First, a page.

Summer apprenticeship offers unique opportunity for undergraduate research

“Don’t be a gopher.”

Those instructions, offered to the recipients of the Welton Honors Summer Sophomore Research Apprenticeship Grant, may sound like a warning to stay away from the University of Minnesota, but in fact speak to the spirit of a unique Badger program, now in its 21st year, which offers driven undergraduates the unique opportunity to carry out their own research.

 Brontë Mansfield (’15), one of those 27 students who participated this past summer, spent a lot of her time getting comfortable in Memorial Libraries Special Collections. Under the direction of Susan Bernstein, Professor of English and the Director of Graduate Studies in English, Mansfield spent approximately 20 hours a week in Special Collections with an original copy of the serial parts of Our Mutual Friend, which recently resurfaced in the University collection.

Mansfield, whose double major in English and Art History allows her to explore her interest in Victorian visual culture, enrolled in Bernstein’s undergraduate seminar on the Victorian marriage plot in the Spring semester of this year.

“Brontë spoke with me early in the spring semester about her interest in doing research in Victorian literature; when she said she was in the Honors Program, I mentioned the Summer Sophomore Research Apprenticeship Grant,” says Bernstein.

Bernstein and Mansfield worked together to write an application for the Welton apprenticeship, which is funded by the Welton Family, Kemper Knapp, and the Brittingham Trust.  In addition to writing a personal statement outlining her motivations for applying to the summer program, Mansfield also got first hand experience with grant writing. Both she and Bernstein had to outline how they would work together and what Mansfield’s individual project would be.

While Bernstein’s research investigates Victorian seriality and reading, Mansfield was able to focus primarily on the advertisements that populate the pages of Dickens’ serial text.

Mansfield also works as the assistant to the Curator of Prints, Drawings, and Photographs in the Chazen Museum. With her combined academic interests, she was an ideal candidate to catalog and investigate the images.

“With the new technology that’s being used for textual analysis, the visual doesn’t necessarily get accounted for. There are 32 pages of advertising in addition to 32 pages of text, so it’s important to combine a historical, visual interpretation of those images with an understanding of the literary text itself,” says Mansfield.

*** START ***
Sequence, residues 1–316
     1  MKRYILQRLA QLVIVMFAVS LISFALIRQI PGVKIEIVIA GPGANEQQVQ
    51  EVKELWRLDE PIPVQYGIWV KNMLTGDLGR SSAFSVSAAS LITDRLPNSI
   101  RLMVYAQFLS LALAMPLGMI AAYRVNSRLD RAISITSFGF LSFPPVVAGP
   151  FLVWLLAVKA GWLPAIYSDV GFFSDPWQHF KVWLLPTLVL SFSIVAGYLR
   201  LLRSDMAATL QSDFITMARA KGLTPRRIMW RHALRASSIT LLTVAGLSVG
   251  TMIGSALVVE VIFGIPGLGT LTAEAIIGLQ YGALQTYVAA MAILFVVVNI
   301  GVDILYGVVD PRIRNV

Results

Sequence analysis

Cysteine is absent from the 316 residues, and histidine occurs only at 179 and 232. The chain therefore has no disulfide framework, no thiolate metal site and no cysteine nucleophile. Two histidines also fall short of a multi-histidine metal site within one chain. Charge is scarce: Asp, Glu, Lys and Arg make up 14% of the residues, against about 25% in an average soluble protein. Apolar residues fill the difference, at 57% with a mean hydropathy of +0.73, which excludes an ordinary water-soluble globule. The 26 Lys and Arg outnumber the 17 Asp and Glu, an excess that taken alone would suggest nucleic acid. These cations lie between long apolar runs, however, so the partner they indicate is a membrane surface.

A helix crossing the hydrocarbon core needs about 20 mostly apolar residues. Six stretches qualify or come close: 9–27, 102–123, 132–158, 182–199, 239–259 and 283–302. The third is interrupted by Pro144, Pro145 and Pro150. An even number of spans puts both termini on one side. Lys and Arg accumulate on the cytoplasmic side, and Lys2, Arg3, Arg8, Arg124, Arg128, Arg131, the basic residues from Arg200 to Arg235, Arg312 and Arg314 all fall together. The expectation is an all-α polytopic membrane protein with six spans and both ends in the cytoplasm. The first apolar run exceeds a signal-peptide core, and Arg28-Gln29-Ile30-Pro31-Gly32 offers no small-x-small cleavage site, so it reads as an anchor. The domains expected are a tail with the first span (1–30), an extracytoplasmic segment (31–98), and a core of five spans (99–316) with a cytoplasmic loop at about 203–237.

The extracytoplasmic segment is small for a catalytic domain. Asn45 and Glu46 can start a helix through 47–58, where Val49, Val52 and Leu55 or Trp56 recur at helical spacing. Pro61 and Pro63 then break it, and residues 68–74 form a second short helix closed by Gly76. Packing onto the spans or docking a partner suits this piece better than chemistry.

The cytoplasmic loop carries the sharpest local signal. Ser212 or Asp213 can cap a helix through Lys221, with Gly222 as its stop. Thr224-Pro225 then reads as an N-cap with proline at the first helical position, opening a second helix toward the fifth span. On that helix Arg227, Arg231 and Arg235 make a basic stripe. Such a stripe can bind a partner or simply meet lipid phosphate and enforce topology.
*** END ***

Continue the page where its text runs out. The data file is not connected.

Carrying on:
For her, one of the best things about the summer project was the time it allowed for her to focus on one topic.

“I learned a lot with not being as rushed, and having the time to devote to a single thing. I got to practice what individual research means. It isn’t just regurgitating previous scholarship.”

Part of that individual research is the task of presenting findings to others not in your field. All 27 participants gather for a day-long retreat at the end of the summer to discuss research methods. Mansfield used Mad Men as a way to explain nineteenth-century seriality to the others in the retreat.

“I was the only student from the humanities and for the presentations, I was paired with a student who was studying potato genetics. A lot of what he said about his findings was over my head, but it was helpful to see how someone else does their research.”

In discussing the program, Bernstein highlights the benefits for students and professors alike: “At least a full year before an undergraduate major might frame a senior thesis project, she has this opportunity to learn what research in literary studies entails by pursuing a topic, exploring an archive or body of materials, and experimenting with hypotheses about these materials—not unlike students working in other kinds of labs across campus. It’s a chance to collaborate with a seasoned researcher too, and, as I’ve discovered, there are benefits all around.”

For more information on Welton Summer Apprenticeship, visit http://www.honors.ls.wisc.edu/SiteContent.aspx?prev=1&id=48

For more information about Susan Bernstein’s work on the Victorian Serialization Project, visit http://english.wisc.edu/victorianserialization/